Our nine-hour boat tour of Kenai Fjords National Park continued. That morning, Thursday, August 20, we’d traveled out of Resurrection Bay and down the coast, then in the early afternoon, we’d explored Northwestern Fjord. Now it was time for our last major stop before returning to Seward: The Chiswell Islands, part of the Alaska Maritime National Wildlife Refuge.
Established like so many other public lands in Alaska by the Alaska National Interest Land Conservation Act (ANILCA) in 1980, the Refuge is administered by the US Fish and Wildlife Service and covers 4.9 million acres from the Gulf of Alaska to the Chukchi Sea. Although they are administered by two different services of the Department of the Interior, here off the coast of Kenai Fjords National Park, the National Wildlife Refuge and the National Park act in concert to protect wildlife.
Captain Mark sailed the Glacier Explorer close to a medium-sized island in the group, Natoa Island, where we would be nearly certain to see the many, many seabirds and other creatures that the islands provide home and shelter for.
This brilliant, sunny afternoon, Natoa Island was alive with seabirds. Glaucous-Winged Gulls and Black-Legged Kittiwakes by the hundreds nested among the cliffs and ledges. Pelagic Cormorants dried themselves on the bare rocks before another fishing expedition.
And Puffins, both Horned Puffins and Tufted Puffins, took shelter and raised their young among the crags and shallow caves.
(There are two species of cormorant in the Gulf of Alaska, Pelagic and Double-Crested. While we were there on the boat, I assumed we were seeing Double-Crested Cormorants, if only because that’s what I was used to seeing on the Great Lakes. Turns out these were the smaller, slenderer Pelagic Cormorant, which we would also encounter at Glacier Bay. As I was preparing this post, I got a little sad that we’d have to strike Double-Crested Cormorant from our final species list. But! There is one unmistakable Double-Crested among the Pelagics in the image above. The fourth cormorant from the left, about midway back on the huge rock, has the distinctive yellow-gold face of the Double-Crested Cormorant. I zoomed in and verified the ID on all the alternate versions we have of this photo, and the yellow face is plainly visible throughout. So, one. At least one verifiable Double-Crested Cormorant.)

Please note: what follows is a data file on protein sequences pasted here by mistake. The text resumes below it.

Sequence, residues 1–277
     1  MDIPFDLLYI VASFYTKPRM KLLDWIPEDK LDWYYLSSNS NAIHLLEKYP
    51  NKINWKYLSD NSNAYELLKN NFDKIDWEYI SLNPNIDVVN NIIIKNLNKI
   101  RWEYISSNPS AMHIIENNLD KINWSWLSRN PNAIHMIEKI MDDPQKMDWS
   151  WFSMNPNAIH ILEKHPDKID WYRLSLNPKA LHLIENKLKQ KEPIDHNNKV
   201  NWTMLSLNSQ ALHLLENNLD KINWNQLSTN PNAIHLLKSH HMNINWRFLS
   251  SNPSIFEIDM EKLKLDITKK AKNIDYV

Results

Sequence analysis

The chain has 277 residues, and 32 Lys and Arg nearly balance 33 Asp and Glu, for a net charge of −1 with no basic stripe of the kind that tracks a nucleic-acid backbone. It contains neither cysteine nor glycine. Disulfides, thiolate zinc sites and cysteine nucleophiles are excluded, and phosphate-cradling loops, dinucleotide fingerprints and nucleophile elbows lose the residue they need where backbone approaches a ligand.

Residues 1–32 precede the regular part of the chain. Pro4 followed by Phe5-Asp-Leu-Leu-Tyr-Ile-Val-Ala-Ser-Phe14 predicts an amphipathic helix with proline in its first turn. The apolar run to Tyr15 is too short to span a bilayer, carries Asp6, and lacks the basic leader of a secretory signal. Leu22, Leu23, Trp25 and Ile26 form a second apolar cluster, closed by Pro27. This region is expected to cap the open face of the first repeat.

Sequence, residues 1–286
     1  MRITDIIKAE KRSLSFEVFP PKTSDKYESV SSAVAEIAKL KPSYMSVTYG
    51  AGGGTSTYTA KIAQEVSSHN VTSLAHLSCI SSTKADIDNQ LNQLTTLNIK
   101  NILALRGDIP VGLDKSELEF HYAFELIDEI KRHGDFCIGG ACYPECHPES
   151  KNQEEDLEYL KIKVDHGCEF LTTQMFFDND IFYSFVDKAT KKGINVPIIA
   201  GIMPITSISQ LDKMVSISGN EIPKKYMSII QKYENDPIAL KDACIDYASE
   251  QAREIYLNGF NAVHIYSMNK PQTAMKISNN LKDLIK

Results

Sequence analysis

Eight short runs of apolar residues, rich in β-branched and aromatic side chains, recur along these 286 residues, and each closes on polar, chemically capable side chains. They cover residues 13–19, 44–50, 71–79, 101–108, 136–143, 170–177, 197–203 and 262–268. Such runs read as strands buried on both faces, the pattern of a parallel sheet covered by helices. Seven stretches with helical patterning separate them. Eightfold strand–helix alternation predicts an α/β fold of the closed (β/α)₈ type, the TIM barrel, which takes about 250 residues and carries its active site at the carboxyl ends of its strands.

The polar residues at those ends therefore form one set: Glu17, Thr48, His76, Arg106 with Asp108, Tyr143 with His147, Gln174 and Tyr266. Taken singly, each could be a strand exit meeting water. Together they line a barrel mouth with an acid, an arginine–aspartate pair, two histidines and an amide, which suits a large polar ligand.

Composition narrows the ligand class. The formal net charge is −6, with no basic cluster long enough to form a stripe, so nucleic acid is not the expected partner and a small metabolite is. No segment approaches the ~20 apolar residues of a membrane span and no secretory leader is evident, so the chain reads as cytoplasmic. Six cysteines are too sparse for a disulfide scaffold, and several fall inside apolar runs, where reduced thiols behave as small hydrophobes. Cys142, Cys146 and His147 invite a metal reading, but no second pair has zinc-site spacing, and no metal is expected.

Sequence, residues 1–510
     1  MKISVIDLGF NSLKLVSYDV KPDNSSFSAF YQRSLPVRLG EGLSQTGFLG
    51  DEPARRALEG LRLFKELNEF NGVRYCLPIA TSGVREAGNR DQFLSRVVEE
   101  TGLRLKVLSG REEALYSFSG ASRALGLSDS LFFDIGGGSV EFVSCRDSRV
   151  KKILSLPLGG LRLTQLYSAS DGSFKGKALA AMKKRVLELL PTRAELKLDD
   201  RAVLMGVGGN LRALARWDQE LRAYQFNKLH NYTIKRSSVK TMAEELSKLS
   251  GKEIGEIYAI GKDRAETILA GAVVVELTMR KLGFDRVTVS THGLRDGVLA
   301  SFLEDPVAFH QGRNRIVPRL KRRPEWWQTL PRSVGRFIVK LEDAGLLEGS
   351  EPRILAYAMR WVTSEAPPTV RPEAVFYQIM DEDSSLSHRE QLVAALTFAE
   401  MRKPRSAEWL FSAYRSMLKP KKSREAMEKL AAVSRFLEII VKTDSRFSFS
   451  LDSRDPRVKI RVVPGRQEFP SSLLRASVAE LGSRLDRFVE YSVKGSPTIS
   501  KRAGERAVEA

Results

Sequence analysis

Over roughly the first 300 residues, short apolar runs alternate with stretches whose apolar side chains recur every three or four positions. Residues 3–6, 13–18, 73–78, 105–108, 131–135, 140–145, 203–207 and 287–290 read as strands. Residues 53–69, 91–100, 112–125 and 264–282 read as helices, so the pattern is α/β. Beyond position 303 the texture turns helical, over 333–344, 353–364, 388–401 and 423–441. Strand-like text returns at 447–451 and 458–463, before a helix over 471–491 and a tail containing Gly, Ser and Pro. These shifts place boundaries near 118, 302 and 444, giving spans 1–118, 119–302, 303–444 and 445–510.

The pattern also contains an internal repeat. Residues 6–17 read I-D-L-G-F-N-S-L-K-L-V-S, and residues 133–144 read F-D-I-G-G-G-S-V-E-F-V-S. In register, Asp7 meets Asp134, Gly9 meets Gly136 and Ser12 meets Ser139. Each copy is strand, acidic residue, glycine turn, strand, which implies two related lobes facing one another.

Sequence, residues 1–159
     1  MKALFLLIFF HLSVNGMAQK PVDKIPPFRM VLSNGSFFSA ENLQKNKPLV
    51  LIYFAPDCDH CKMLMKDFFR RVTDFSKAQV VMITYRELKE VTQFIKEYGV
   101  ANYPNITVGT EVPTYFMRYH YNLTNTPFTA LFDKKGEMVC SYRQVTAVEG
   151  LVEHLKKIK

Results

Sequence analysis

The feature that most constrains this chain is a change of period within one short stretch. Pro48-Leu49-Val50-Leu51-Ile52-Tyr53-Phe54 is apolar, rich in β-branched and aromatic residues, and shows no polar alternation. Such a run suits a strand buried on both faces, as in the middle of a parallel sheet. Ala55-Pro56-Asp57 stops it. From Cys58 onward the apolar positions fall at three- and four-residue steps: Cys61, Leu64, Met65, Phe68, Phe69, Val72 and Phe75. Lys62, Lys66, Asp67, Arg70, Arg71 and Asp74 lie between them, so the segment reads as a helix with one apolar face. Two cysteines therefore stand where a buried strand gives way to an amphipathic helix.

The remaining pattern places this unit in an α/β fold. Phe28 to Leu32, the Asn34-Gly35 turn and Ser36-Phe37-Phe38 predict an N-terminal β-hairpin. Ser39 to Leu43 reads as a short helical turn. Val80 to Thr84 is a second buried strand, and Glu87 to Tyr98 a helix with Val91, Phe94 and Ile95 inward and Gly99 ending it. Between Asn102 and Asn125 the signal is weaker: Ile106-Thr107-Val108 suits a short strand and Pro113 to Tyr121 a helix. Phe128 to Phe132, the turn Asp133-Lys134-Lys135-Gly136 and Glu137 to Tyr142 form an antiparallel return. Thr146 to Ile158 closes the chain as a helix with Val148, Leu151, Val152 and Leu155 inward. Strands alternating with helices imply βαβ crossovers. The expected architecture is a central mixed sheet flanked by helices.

We rounded the southern end of Natoa Island and encountered our first Sea Lions in the Chiswells. Then Captain Mark came on the PA system and alerted us to something that you don’t see every day: a Sea Otter eating an octopus off the port side of the boat.
This Sea Otter eating his prize catch, a North Pacific Giant Octopus, is about the coolest thing I have ever seen with my own eyes.
Occasionally as the otter ate, he would turn completely over in the water to wash himself and his meal. Keeping his fur absolutely clean and water-resistant is essential to its ability to keep warm. Sea Otters have no blubber and rely completely on their fur for insulation from frigid water.
And the backdrop for the otter’s meal was fairly spectacular as well.
Sean spotted a gigantic Lion’s Mane Jellyfish from the boat, and I managed to snap an image of a Moon Jellyfish. These jellyfish were huge, especially when you take into account that I was photographing from the upper deck.
The waters around Kenai Fjords National Park are an important estuary ecosystem, not unlike Everglades National Park, where freshwater mixes with sea water to create a life-nurturing soup. Nutrients flooding into the fjords and bays provide rich nutrition to plankton and other invertebrates, causing them to grow and multiply. All this abundance is feasted upon by fish, which are a major food source for birds. At the top of the food chain, the sea mammals here also thrive. It is a rich, vital ecosystem.
We traced the eastern face of a huge rock just off the shore of Natoa Island. Here, in addition to gulls and puffins, Common Murres, the penguins of the North, raised their young.
Unlike their southern cousins, murres and puffins can fly, but they are much more comfortable and elegant swimming than they are flying. They spend the majority of their lives on the water, only gathering on land to breed, lay eggs, and raise their young. The rugged Chiswell Islands provide perfect shelter for those activities.
We departed the Chiswell Islands and crossed the mouth of Aialik Bay, beginning our return to Seward in earnest.